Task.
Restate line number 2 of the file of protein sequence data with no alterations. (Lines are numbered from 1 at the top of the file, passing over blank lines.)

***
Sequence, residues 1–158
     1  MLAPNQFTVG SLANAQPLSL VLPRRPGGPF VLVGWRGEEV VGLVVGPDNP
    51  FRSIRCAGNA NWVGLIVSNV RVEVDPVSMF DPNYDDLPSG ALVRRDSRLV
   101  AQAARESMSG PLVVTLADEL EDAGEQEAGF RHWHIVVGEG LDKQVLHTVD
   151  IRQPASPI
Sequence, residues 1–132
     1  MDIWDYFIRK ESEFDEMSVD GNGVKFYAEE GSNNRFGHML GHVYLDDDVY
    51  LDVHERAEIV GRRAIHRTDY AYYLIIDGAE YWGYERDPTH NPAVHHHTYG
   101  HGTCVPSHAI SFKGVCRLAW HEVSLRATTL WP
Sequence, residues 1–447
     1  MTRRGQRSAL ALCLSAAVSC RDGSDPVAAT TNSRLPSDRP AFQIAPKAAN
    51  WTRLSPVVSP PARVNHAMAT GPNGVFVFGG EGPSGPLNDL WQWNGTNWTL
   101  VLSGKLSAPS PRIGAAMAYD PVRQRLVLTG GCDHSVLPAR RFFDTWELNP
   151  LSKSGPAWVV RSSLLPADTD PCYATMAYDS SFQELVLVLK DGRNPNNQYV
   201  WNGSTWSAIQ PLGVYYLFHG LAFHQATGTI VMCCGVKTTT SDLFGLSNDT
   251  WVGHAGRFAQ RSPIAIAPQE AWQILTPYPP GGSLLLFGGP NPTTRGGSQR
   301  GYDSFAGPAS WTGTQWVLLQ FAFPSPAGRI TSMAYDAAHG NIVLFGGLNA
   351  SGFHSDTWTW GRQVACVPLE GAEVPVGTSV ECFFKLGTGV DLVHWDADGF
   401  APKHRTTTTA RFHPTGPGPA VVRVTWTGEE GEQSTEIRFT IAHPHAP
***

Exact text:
     1  MLAPNQFTVG SLANAQPLSL VLPRRPGGPF VLVGWRGEEV VGLVVGPDNP